I suspect my readers all know what “atheism” and “theism” are. But what is “irenicism”? In short, it is the condition of peacemaking, the attribute of seeing the best in one’s ideological opponents and seeing concord where possible. We need irenicism now more than ever as our world continues to lurch into polarized oppositions with the oft bitter hostilities between atheism and Christian theism being one example.
Today atheist philosopher and author Keith Parsons commented on my book Is the Atheist My Neighbor? in response to Jeff Lowder’s article “Randal Rauser’s Latest Book (with a Contribution from Yours Truly)“. His comment eloquently embodied the spirit of irenicism that I think is crucial to overcome the deep hostilities and polarized oppositions that characterize our age. Consequently, I’ve decided to reproduce it in full here:
“Thanks much for this book; the message is greatly appreciated. Allow me to make the complementary point: Two of my closest personal friends are Christian pastors (UCC and United Methodist). I do not regard their convictions as in any sense irrational, irresponsible, or epistemically suspect in any way. They are as self-critical and reflective as any atheist I have known, and far more so than most. Their attitude is wholly undogmatic and they listen willingly to any person of reason and good will. Indeed, I regard each of them as a paragon of intellectual and moral integrity.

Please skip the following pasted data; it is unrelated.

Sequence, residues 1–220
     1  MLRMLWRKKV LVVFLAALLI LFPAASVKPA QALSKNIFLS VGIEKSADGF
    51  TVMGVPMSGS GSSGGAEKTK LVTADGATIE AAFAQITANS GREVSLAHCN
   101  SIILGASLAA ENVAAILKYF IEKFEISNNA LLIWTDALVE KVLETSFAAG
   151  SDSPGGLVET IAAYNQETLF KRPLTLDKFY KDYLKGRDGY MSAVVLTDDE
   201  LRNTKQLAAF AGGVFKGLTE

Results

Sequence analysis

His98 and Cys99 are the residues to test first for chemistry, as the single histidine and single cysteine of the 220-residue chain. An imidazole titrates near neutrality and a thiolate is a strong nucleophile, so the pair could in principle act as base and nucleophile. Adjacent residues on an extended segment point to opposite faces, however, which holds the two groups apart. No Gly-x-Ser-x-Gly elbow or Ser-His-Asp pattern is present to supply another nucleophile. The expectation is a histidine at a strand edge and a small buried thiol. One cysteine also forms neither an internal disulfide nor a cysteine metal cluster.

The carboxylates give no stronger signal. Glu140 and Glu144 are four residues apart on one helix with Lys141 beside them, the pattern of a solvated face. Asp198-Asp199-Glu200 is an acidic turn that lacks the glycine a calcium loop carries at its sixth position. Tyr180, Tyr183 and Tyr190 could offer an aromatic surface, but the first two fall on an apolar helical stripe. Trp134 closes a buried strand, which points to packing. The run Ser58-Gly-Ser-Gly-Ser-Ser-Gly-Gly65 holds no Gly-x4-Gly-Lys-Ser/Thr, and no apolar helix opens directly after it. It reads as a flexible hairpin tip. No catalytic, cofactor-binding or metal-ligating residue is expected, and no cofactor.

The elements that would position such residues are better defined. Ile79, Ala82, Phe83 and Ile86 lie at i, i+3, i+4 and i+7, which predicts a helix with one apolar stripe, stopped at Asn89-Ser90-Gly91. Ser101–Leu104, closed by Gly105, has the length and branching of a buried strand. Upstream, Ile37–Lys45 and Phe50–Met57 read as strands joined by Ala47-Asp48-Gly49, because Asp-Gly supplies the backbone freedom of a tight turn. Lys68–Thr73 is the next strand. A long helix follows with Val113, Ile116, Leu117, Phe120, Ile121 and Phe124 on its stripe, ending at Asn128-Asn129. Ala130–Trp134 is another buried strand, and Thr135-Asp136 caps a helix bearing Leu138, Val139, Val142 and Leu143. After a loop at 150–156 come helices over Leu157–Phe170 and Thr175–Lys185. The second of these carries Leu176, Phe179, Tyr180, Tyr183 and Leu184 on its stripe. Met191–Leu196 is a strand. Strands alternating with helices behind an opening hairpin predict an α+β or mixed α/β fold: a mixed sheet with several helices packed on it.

“Bertrand Russell once said that the existence of God is an issue on which reasonable people can be expected to disagree. I take this point as obvious, yet many people on “both” sides disagree. We feel passionately about our religious (or non-religious) convictions, and this passion makes tolerance more difficult. Every now and then, however, I think we should all step back and look as dispassionately as possible at our actual epistemic circumstances with respect to the question of God’s existence. When we do, we see that theism and naturalism are both global commitments–comprehensive interpretations of reality. Worldviews, in other words. Further, as John Hick argues in An Interpretation of Religion, The world can be reasonably interpreted in either naturalistic or religious terms. That is, we can view the real and the physical as coextensive or posit a transcendent aspect. Neither sort of interpretation can be convicted of irresponsibility or irrationality.
“Of course, each of us has to come down where it seems most reasonable to do so. Further, we can offer arguments for our views, but these arguments should be presented with due modesty, not as battering rams, but as rational persuasion, designed not to intimidate but to appeal to the mind and spirit.”